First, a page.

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'Firefly Lane' Is A Regrettably Shapeless Friendship Story

Katherine Heigl and Sarah Chalke play Tully and Kate, two friends who spend decades supporting each other in <em>Firefly Lane</em>.
Katherine Heigl and Sarah Chalke play Tully and Kate, two friends who spend decades supporting each other in Firefly Lane.

As of this writing, as its Netflix adaptation is about to premiere, the 2008 Kristin Hannah novel Firefly Lane sits at #1 in the Amazon Kindle Store category called "Women's Sagas." And indeed, it is written and presented as a women's saga: the friendship of Kate and Tully, played as adults by Sarah Chalke and Katherine Heigl, as observed over several decades, beginning when they're teenagers and continuing into their forties (at least in these ten episodes).

Much of the story, in broad strokes, is familiar: Tully is the rebellious and sparkling one with a past that is difficult in more visible and explicit ways; Kate is the quieter and more cautious one with a past that is difficult in less obvious ways. Tully's life is more focused on her career (as a television talk-show host); Kate's life, although she is a TV producer, is more focused on domesticity (she ultimately has a teenage daughter). There is a man named Johnny who is important to both of them, who winds up being Kate's husband. They are there for each other in times good and bad, in loss and in table-dancing, in sharing their tales of both disastrous boyfriends and promising ones.

There are people who are suspicious of slick marketing and packaging of some of the elements that predominate in this story — female friendships, romantic intricacies, marriage and divorce, pregnancy and motherhood, and who have learned to bump books like this into a firmly unserious subcategory. Thus, this is a "women's saga," while the story of, say, a crime family that operates over generations on the violent and vengeful energy of a bunch of men, with women primarily appearing as sex objects or symbols of the dream of a serene life that is forever out of reach, would simply be called a "saga." Despite the fact that the best available information has indicated for years that women as a group buy and read far more fiction than men in most genres, whatever is about women at home and with friends and children and lovers is "women's fiction," rather than just ... fiction.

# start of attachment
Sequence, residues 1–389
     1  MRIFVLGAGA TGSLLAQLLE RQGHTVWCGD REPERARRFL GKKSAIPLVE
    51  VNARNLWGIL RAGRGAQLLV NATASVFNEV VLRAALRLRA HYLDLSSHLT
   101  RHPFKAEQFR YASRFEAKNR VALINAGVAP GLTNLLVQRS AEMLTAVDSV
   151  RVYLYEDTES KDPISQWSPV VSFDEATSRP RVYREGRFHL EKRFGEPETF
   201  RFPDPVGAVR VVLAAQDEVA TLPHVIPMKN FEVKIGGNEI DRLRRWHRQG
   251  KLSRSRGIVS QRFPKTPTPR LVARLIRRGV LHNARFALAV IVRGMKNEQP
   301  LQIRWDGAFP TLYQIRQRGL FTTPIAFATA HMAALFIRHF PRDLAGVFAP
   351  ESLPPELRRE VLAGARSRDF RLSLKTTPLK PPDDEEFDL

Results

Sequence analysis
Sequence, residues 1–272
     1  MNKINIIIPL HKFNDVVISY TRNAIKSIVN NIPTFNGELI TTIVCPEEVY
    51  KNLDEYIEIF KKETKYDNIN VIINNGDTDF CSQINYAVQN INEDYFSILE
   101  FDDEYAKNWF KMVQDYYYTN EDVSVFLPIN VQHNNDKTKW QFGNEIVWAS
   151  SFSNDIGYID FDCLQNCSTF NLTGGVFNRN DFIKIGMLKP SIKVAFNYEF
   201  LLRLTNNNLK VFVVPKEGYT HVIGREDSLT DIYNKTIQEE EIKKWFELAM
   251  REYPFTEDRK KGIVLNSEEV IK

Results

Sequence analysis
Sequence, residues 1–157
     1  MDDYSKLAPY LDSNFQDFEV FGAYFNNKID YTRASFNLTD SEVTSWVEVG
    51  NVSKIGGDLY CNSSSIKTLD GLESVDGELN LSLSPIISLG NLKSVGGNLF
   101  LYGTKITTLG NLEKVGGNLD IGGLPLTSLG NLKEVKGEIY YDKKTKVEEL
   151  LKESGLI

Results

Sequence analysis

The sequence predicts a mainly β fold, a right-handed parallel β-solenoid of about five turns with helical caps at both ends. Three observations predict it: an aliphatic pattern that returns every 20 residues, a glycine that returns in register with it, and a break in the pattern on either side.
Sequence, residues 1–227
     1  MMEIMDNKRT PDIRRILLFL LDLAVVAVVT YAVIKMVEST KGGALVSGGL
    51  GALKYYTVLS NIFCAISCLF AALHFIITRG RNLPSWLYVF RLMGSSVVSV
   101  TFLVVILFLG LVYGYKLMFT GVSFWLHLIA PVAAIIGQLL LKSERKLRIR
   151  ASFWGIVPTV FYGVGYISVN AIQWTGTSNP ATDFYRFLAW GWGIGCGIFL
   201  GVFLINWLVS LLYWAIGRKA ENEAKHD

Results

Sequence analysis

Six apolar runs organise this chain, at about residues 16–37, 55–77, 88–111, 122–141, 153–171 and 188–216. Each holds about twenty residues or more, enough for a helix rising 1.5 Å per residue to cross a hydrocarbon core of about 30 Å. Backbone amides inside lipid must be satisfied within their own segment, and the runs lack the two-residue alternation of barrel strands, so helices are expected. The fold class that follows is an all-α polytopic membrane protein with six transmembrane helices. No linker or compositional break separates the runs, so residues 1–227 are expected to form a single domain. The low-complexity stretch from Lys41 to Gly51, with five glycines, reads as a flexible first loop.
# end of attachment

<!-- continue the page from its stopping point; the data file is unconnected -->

Stories like Kate and Tully's are potentially deep and satisfying sources of meaning in real life — not the kind of meaning that comes from moonshot life events most people will never experience, but the kind that flames up from the apparently ordinary. It's regrettable, then, that this high-profile entry that adapts a successful book by a successful writer doesn't make for satisfying television.

Katherine Heigl and Sarah Chalke are frequently enjoying that feathered hair of the '80s in <em>Firefly Lane</em>.
/ Netflix
Katherine Heigl and Sarah Chalke are frequently enjoying that feathered hair of the '80s in Firefly Lane.

The first problem is structural. While the book proceeds decade by decade through the friendship of these two characters, the series scrambles the sections of Tully and Kate's lives so that it's forever hopping between 1970s teenagers (played by Ali Skovbye as Tully and Roan Curtis as Kate), 1980s twentysomethings getting their start, and early-21st-century fortysomethings coping with midlife. And it scrambles the stories not from episode to episode, but from scene to scene.

It's not that this couldn't work; it's just that it doesn't work. At a micro level, there's considerable wit in how the transitions are done, so that a cut from a scene in the '80s to a scene in 2003 will put the characters' earlier and later iterations in conversation with each other. But the series lacks momentum, in part because just as a story starts to become interesting, we jump from that decade to somewhere else. It inevitably takes time for your viewing mind to first remember the details of what's going on in that timeline and then reenter that narrative emotionally. And just as you get situated? Whoosh, buckle up, we're off to a different year.